ardmhachaabu

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Re: Sinn Fein? They have gone away, you know.
« Reply #26 on: January 19, 2010, 08:49:04 AM »
I never said it would harm aspirations for a united ireland but it would b a problem for achieving it without republicans having a political party to mandate. And SF still at local level made gains and only had their growth slowed by a huge FG vote which was in protest at FFs handling of the recession. This trend of main opposition parties making gains was repeated around the world mid recession. And pints SF is activist based dont forget. Every party has activists it cud do without, SF no more than others.
With respect, you are not making any sense on this.  SDLP have as many republicans in it as SF do, same with FF in the south.  SF are not the only party which attracts republican support.  SF don't speak for all republicans and never have.

I now fully expect you to come back with more pro SF nonsense, which of course you are entitled to do.  Just don't expect to be allowed to get away with it
Wise men talk because they have something to say; fools, because they have to say something

Nally Stand

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Re: Sinn Fein? They have gone away, you know.
« Reply #27 on: January 19, 2010, 10:21:44 AM »
If I an entitled to, why then say "don't think you will be allowed" to get away with spouting pro SF "nonsense". Any why come up with points to counter an argument i didn't make. Not once did i suggest that all republicans support SF. However your claim that the SDLP and FF have as many republicans as SF is laughable. It wasn't I who nicknamed the SDLP the stoop down low party. A label it earnt for itself for its willingness to bend the knee to unionism. As for FF, my earlier post covered its partitionism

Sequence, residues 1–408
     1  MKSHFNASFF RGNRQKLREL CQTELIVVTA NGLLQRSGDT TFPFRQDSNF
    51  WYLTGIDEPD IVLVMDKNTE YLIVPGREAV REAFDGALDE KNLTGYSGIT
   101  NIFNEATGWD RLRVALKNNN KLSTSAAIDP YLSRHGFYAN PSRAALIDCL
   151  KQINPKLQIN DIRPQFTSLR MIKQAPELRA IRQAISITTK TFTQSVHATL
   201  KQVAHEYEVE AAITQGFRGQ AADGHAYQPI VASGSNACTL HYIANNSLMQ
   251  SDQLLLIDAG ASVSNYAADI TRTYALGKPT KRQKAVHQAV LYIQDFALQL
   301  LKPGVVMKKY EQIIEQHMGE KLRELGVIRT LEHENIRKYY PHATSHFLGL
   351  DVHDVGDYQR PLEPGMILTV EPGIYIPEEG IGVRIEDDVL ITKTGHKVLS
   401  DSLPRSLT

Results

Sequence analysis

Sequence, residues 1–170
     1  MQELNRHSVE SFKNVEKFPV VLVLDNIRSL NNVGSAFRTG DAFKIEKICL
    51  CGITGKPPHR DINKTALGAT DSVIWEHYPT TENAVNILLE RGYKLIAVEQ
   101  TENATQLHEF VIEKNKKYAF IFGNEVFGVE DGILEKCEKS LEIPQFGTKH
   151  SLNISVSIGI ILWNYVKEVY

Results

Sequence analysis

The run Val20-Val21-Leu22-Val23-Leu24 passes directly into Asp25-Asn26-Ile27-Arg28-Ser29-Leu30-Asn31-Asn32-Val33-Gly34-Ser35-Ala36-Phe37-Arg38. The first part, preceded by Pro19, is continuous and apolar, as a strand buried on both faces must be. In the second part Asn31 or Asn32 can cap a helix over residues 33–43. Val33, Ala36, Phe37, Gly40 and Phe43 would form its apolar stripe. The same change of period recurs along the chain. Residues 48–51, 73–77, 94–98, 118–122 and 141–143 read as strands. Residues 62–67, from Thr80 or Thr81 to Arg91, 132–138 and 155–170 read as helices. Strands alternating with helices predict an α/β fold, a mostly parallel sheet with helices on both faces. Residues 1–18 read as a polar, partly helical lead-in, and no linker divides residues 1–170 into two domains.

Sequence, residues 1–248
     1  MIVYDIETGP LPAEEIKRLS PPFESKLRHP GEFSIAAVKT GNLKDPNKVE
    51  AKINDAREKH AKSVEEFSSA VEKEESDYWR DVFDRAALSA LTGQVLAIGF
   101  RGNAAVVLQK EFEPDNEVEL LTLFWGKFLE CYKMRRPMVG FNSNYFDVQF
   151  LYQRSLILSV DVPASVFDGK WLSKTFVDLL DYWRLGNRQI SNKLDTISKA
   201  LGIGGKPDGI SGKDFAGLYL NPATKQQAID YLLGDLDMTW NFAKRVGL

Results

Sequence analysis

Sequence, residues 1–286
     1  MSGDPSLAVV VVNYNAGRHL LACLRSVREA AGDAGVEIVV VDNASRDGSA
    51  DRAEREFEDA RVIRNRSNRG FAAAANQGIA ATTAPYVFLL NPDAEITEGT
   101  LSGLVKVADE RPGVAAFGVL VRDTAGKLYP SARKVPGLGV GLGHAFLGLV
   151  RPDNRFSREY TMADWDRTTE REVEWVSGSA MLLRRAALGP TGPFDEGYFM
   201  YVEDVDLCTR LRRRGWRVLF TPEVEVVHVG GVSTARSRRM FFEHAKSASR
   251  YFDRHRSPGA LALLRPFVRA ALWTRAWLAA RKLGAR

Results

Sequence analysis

« Last Edit: January 19, 2010, 10:24:37 AM by Nally Stand »
"The island of saints & scholars...and gombeens & fuckin' arselickers" Christy Moore

Ulick

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Re: Sinn Fein? They have gone away, you know.
« Reply #28 on: January 19, 2010, 10:44:26 AM »
With respect, you are not making any sense on this.  SDLP have as many republicans in it as SF do, same with FF in the south. 

Eh? How could they if they take an oath to a monarch?  ??? Surely that is the complete antithesis of republicanism i.e. the British monarch is not a citizen and therefore not equal before the law.

Hardy

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Re: Sinn Fein? They have gone away, you know.
« Reply #29 on: January 19, 2010, 11:11:29 AM »
That's well covered - the "empty formula" formula.

Nally Stand - would you not take my hint and get out a dictionary and look up "republican".
I studied deeply in the philosophies and religions, but cheerfulness kept breaking through - L.Cohen